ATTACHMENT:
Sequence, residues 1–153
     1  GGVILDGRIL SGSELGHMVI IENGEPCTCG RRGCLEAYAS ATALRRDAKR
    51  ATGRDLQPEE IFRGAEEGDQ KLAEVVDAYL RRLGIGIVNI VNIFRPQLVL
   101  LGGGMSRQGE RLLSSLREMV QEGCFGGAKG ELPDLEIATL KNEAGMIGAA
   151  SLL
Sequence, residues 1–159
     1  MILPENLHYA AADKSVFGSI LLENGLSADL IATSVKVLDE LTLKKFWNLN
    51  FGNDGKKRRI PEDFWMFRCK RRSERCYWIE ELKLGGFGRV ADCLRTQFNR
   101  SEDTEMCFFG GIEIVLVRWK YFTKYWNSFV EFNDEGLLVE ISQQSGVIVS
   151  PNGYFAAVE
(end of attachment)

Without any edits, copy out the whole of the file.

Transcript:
Sequence, residues 1–153
     1  GGVILDGRIL SGSELGHMVI IENGEPCTCG RRGCLEAYAS ATALRRDAKR
    51  ATGRDLQPEE IFRGAEEGDQ KLAEVVDAYL RRLGIGIVNI VNIFRPQLVL
   101  LGGGMSRQGE RLLSSLREMV QEGCFGGAKG ELPDLEIATL KNEAGMIGAA
   151  SLL
Sequence, residues 1–159
     1  MILPENLHYA AADKSVFGSI LLENGLSADL IATSVKVLDE LTLKKFWNLN
    51  FGNDGKKRRI PEDFWMFRCK RRSERCYWIE ELKLGGFGRV ADCLRTQFNR
   101  SEDTEMCFFG GIEIVLVRWK YFTKYWNSFV EFNDEGLLVE ISQQSGVIVS
   151  PNGYFAAVE